Ants communicate orally mouth-to-mouth liquid exchange
The research at the University of Lausanne, Switzerland, suggests Florida carpenter ants can collectively determine their communities by shifting the cocktail of proteins, hormones as well as other molecules
The research at the University of Lausanne, Switzerland, suggests Florida carpenter ants can collectively determine their communities by shifting the cocktail of proteins, hormones as well as other molecules that are little they pass mouth-to-mouth to one another and their young through a process called trophallaxis.
"Food is passed to each adult and developing ant by trophallaxis. This creates a network of interactions linking every person in the colony," says senior author Laurent Keller, Professor in the Department of Ecology and Evolution.
"But trophallaxis occurs in other circumstances, like when an ant is reunited with a nest-partner after isolation. We thus wanted to see when the fluid exchanged by trophallaxis includes molecules that allow ants to pass other chemical messages to every other, and never just food."
Astonishingly, they identified a great number of proteins that appear to be involved in regulating the growth of ants, as well as elevated rates of juvenile hormone, a crucial regulator of insect development, reproduction, and behaviour.
To see what effect this hormone has on the development of larvae fed by trophallaxis, the scientists added it to the food of larvae-rearing ants and discovered that the hormone made it twice as likely the larvae would live to reach maturity.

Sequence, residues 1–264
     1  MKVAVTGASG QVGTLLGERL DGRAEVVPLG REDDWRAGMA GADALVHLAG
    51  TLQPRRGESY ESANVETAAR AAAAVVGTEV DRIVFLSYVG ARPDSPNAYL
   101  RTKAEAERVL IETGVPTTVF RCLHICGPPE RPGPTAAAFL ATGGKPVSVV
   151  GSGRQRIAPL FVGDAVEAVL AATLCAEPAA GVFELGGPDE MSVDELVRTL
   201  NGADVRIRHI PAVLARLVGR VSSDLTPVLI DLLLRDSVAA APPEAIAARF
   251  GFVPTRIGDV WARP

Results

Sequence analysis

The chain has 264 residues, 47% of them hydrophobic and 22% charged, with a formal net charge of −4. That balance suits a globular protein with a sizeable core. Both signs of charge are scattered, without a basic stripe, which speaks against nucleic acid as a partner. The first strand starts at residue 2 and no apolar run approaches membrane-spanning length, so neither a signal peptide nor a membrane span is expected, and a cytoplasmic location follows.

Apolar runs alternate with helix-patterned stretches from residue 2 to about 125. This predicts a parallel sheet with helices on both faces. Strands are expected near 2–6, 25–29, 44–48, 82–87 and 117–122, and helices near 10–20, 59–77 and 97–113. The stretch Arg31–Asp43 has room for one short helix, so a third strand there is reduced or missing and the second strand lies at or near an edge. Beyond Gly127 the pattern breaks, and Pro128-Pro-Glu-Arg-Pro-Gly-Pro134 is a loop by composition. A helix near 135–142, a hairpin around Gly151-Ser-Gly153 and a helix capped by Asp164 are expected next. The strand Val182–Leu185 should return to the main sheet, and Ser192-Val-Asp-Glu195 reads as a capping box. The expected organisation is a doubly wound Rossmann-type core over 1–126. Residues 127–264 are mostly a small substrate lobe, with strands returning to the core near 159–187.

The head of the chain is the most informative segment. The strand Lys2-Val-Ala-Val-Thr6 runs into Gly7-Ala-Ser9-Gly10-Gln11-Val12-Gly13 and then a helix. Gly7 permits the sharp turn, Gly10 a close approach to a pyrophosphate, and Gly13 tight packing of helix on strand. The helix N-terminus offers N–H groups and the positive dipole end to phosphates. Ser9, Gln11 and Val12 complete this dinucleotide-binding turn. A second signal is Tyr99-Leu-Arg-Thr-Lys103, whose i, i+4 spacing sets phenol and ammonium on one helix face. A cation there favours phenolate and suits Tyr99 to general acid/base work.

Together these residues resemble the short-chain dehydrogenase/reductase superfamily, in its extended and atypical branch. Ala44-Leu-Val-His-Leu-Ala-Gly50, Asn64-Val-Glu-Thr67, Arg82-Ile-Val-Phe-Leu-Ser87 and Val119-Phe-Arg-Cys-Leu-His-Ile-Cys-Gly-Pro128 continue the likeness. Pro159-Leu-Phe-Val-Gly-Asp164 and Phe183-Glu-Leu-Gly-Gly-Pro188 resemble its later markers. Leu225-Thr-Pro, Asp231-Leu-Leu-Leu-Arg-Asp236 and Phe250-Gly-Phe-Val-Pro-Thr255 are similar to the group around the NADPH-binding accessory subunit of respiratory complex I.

"This signals that juvenile hormone and other molecules transferred mouth-to-mouth over this social network could be used by the ants to jointly determine how their colony develops," says LeBoeuf. "So, when the ants feed their larvae, they're not just feeding them food, they are casting quantitative ballots for their colony, doling out different amounts of growth-promoting components to influence the next generation.
As well as development proteins and juvenile hormone, the team also identified small molecules and chemical signals in the carpenter ants' trophallactic liquid that help them comprehend their nest-mates. They attested for the first time the presence of chemical signals in the fluid that are regarded as significant in supplying a colony to ants -special odour which allows them to recognise family -family members.
"Overall, we show that liquid carried among ants includes considerably more than food and digestive enzymes," adds LeBoeuf. "Our findings imply that trophallaxis underlies a private communication channel that ants use to direct the development of the young, much like milk in mammals."
"More generally, this opens the possibility the oral exchange of fluids, for example, spit, in other animals might also function formerly unsuspected purposes."